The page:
A federal anti-terrorism program has drawn North Jersey deeper into the practice of hidden surveillance, equipping police departments with high-tech cameras, infrared technology and automatic license plate readers to keep tabs on people as they travel to local reservoirs, financial hubs and malls.

The stepped-up security around potential terrorist targets links the region into a network of clandestine monitoring. Some of the departments are already putting to use the equipment provided by Homeland Security; others are gearing up.

Oradell, Emerson, Closter and Harrington Park police have car-mounted night-vision technology and video and recording equipment that can watch over the Oradell Reservoir and dam — and the hikers and anglers entering it. West Milford can do the same around the Newark watershed. Wayne police are scanning scan the license plates of vehicles outside the Willowbrook Mall, while East Rutherford officers patrol hotel parking lots near the Meadowlands and the Federal Reserve building off Route 17.

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Local police signed onto the Homeland Security network have broad discretion in deciding what to monitor and when to share surveillance feeds with federal agents. And when national security isn’t calling, they can use the equipment for day-to-day police work, such as enhanced tracking systems to catch suspects and better radio communication among officers.

“It’s not going to sit and collect dust waiting for a threat at the stock exchange,” said Mahwah police Chief James Batelli, whose department is buying cameras to monitor the New York Stock Exchange Data Center located in the township.

Still, broader questions remain unanswered about the secretive program. It was begun by the federal government as a way for local police to help the anti-terrorism effort and extend monitoring of possible targets in the post-9/11 period. But such rapid surveillance growth, done with limited publicity at best, has some civil liberties advocates arguing there’s no way to tell if privacy safeguards are being addressed.

Homeland Security’s representative in New Jersey, citing national security, would not say what information is being gathered, how long it is kept, or to whom it is being disseminated.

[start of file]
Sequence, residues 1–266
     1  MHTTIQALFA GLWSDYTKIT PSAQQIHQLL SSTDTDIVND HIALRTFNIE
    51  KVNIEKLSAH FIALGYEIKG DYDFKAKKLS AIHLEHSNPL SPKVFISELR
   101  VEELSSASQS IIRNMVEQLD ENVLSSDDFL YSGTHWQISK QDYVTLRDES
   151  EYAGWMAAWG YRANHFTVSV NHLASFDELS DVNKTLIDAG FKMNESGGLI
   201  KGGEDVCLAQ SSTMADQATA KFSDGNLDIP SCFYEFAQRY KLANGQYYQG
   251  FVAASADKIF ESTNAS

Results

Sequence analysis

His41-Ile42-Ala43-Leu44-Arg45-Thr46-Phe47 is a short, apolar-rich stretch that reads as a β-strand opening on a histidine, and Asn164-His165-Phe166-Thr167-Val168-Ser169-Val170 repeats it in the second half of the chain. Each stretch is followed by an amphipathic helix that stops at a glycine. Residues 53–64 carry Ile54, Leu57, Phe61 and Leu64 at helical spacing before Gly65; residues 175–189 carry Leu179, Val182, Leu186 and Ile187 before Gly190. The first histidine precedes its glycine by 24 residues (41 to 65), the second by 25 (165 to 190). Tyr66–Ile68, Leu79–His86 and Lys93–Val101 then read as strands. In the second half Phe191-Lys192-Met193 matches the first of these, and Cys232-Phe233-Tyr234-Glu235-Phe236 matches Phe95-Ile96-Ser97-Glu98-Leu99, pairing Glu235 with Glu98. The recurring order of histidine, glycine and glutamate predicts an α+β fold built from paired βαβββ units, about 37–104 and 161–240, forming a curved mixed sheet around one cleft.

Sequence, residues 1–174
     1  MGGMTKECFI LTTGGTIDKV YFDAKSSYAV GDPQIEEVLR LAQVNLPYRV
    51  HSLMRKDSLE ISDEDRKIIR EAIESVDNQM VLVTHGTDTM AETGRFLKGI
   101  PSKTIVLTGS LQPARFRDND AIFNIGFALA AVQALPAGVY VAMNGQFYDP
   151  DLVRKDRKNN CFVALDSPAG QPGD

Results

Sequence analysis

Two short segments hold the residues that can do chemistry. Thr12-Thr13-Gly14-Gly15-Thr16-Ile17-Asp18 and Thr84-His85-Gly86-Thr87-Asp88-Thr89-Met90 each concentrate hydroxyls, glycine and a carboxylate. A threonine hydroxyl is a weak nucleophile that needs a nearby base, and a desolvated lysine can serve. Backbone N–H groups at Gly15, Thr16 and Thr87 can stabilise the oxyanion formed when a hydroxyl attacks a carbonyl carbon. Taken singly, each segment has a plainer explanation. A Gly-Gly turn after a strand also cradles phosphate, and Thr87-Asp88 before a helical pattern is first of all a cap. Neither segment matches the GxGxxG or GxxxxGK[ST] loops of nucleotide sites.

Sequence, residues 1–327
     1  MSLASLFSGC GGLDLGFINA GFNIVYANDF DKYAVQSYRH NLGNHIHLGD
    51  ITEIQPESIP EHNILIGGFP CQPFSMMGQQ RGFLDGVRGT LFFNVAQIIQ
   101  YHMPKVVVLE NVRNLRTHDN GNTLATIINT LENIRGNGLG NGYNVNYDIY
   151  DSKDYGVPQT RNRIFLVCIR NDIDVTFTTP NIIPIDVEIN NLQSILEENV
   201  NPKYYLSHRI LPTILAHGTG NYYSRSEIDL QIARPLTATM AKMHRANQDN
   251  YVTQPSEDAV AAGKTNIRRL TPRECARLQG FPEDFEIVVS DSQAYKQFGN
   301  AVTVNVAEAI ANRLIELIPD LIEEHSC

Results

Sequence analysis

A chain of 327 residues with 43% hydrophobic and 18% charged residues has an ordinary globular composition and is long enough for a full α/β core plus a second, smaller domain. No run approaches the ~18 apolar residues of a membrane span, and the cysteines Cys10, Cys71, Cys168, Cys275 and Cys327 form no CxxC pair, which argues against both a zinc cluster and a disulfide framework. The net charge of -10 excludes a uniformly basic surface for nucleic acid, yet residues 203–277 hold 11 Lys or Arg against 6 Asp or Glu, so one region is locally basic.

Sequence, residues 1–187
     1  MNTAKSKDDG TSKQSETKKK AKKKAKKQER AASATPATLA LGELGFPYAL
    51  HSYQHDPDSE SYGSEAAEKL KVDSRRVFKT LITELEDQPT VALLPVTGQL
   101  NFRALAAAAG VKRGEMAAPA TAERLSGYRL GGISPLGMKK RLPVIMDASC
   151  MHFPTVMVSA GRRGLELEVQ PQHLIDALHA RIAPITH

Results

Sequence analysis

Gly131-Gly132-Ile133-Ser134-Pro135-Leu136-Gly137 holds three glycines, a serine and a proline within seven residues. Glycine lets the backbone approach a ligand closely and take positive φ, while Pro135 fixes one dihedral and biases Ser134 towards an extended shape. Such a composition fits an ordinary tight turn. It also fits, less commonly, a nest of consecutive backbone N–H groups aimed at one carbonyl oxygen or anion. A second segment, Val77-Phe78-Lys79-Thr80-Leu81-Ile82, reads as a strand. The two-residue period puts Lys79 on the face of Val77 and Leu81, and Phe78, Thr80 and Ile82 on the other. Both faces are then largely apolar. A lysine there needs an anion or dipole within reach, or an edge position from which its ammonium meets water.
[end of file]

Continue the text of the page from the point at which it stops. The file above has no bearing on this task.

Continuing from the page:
Overall, Homeland Security has identified 1,849 sites to monitor in all 50 states, and in 2010 distributed $48 million to help do so. In Bergen and Passaic, 18 police departments have received federal grants totaling nearly $1.4 million since 2005 for equipment to watch over more than a half-dozen North Jersey locations.

Since 2009, law enforcement agencies in Bergen and Passaic counties have received $735,175, or 37 percent of the state’s share of money under the Buffer Zone Protection Program — one of Homeland Security’s primary grants. That is up from 19 percent over the previous three years.

Only certain parts of the program, such as license-plate readers that scan every car against federal watch lists, are in constant use. Officials stress that to arbitrarily run other systems, such as covert cameras, would be impractical and intrusive.

“We can use (the surveillance systems) if there is a good reason,” Wanaque police Capt. Thomas Norton said. For example, he said, video cameras watching pedestrian traffic around a strip mall or the Raymond Dam can be switched on when national security is heightened. “I don’t want people being monitored 24 hours a day; I have an issue with it,” Norton said. “And we don’t have the manpower to commit.”

Anyone can be legally photographed in public without their consent, courts have held. And there is no evidence that the Buffer Zone agenda targets any specific group.

But there tends to be very little transparency in the new program about what’s actually being done and who’s in charge, said Michael German, a former FBI agent who has researched federal surveillance methods for the American Civil Liberties Union. “Where are the public guidelines? How do we know there is any oversight?”

Over time, the collection of video footage and license plate numbers, combined with emerging technology such as facial recognition software, could give the government too much information about where people go and what they do, German said. “When people believe they are being watched they do things differently,” he continued. “Is that the kind of society we want?”